The sometimes ironic perception of 'things'

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As a general rule, poets don't have much time for administration and its discontents and Alan Wearne, the award winning author of among other narrative poems, The Nightmarkets and The Lovemakers, runs pretty much true to poetic form. Referring to the mission statement of his brain child, Grand Parade Poets, he concedes parenthetically that 'mission statement' is a 'dreadful term', but quotes it anyway. It is characteristically uncompromising, vibrant and witty:

Robert Harris' The Gang of One: Selected Poems'Poetry for Grand Parade Poets is the imaginative use of language under pressure for the enjoyment of both others and yourself, and as such we believe there are plenty of readers who don't wish that contemporary Australian Literature, let alone its Poetry, be turned into a sideshow booth at some 365 Day Writer's Festival, or a dingy, cramped branch office of Cultural Studies.

'It is too serious an occupation to be beholden to such ephemera, though with a wonderful perversity there is no section of the arts better suited to not taking itself too seriously. For poetry can and indeed must be both elitist and democratic, with this wonderful combination being able to bring high-powered imaginative entertainment and intellectual pleasure to those willing enough to meet it at least part of the way. Our aim being to publish poets of music, passion and wit/intelligence, we trust you enjoy the results.'

As a poetry publisher, Grand Parade Poets lives up to its promises: it is passionate, witty, serious, individual, and it is enlivened by Wearne's own commitment to his art, his benign eccentricity and inexhaustible energy. As he explains, the venture had a daring start:

'After the death of University of Wollongong poet Benjamin Frater in 2007 many of us felt the need to see this wonderful and unique writer out there in book form ... He was not well known throughout Australia and so the best way to publish him would be to start up our own company. I was able to kick start it with money from an inheritance [about the cost of a second car] and in 2011 we commenced publishing with both Benjamin's Selected Poems and a volume from the exuberant and witty Pete Spence. The company has now published 13 volumes.'

One of these volumes and the most recent is Robert Harris' The Gang of One: Selected Poems, which ranges through Harris' five published books and includes a number of uncollected poems. Early work grows from his occasionally lonely, knockabout life at that time and reveals not only a talent for catching the essence of fleeting memories and perceptions but also a saturnine wit, a mordant touch that gives edge to memory. In 'A Reader of Poetry Comes on a Tea Warehouse':

 

When I was nineteen I worked there awhile,

skulked, cut my hands, shouldered the sacks,

staggered them out to the truck ...

... Nothing was fancy

but oddments of sky. Even the sun worked too hard.

 

Or, tedium relieved by almost surreal detail in 'The Splash':

 

pumping gas at Newmarket —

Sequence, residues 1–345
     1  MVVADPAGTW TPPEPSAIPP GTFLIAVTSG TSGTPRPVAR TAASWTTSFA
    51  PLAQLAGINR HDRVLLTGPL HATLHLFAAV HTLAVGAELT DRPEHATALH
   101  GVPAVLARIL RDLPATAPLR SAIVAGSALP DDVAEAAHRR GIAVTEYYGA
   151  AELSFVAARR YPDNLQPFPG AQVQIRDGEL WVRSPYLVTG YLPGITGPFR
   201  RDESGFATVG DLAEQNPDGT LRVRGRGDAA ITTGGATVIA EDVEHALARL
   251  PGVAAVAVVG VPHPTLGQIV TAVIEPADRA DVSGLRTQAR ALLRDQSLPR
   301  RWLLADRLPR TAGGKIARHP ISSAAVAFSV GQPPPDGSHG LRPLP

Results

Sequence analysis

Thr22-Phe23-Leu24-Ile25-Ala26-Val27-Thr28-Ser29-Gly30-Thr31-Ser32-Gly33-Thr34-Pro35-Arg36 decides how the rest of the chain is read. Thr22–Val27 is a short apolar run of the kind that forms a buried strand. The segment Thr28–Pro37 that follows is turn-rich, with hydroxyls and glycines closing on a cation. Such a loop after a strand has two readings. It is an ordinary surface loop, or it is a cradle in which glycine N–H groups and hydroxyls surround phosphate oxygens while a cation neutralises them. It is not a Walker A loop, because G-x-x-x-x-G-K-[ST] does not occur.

all day serving the bowsers sucking the juice

at omega, at ground zero ...

... one old guy

Whose cabbage-laden truck clagged on the tarmac

Tried and failed to say something wise ...

 

The Collected shows Harris' rapid growth into poetic maturity. As Peter Craven observes in The Oxford Guide to Contemporary World Literature, Harris 'wrote distinguished work and, at the end of his life, a masterpiece, Jane, Interlinear and Other Poems'. Along the way there is The Cloud Passes Over in which the precise, sometimes ironic perception of 'things' is subjected to greater tonal control than in 'Splash' or 'A Reader of Poetry ...' achieving thereby a richness that transcends detail.

 

The high spring winds

arrive unannounced,

sparks bowl superbly

and dangerously

as heaving power-cables rub,

cars lurch

on the mountain highway

children and dogs

are restless,

water flows sideways

from faucets outdoors.

 

The Cloud Passes Over and Jane, Interlinear and Other Poems are arguably the peak of Harris' art but there is much more to conjure with in Uncollected Poems — there is the fractured outrage of 'The Bible', the deftly managed conversational vernacular of 'Christians', the magnificent elegiac 'Bush Cemetery', and so on.

In an engaging, scholarly introductory essay, Philip Mead salutes 'This overdue Selected Poems' as 'a record of one of the most distinctive and accomplished poets of the 20th century in Australia'. And Judith Beverage emerges from the customary editorial backroom to deliver a fascinating insight into the craft of presenting Harris' works.

So with characteristic Wearnian energy and panache, The Gang of One: Selected Poems of Robert Harris becomes Grand Parade Poets' 14th publication.

 

 

Brian MatthewsBrian Matthews is honorary professor of English at Flinders University and an award winning columnist and biographer.

Topic tags: Brian Matthews, poetry, Robert Harris, Alan Wearne

 

 

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Existing comments

I've just had a look at Grand Parade Poets website, thanks for the alert to this most interesting place. Certainly "The Gang of One: Selected Poems" of Robert Harris deserves to be read by discriminating lovers of poetry. I will order and wait impatiently.
Pam | 31 July 2019


Love the flow and intermingling of nature and the hard knock of life...'even the sun worked too hard' - just grand.
Jorie Ryan | 01 August 2019


Thank you, Brian.
John RD | 01 August 2019


Thank you for your show of support for that resilient but often embattled literary enterprise, poetry, and those who appreciate its pleasures and pains enough to publish it.
Jena Woodhouse | 04 August 2019


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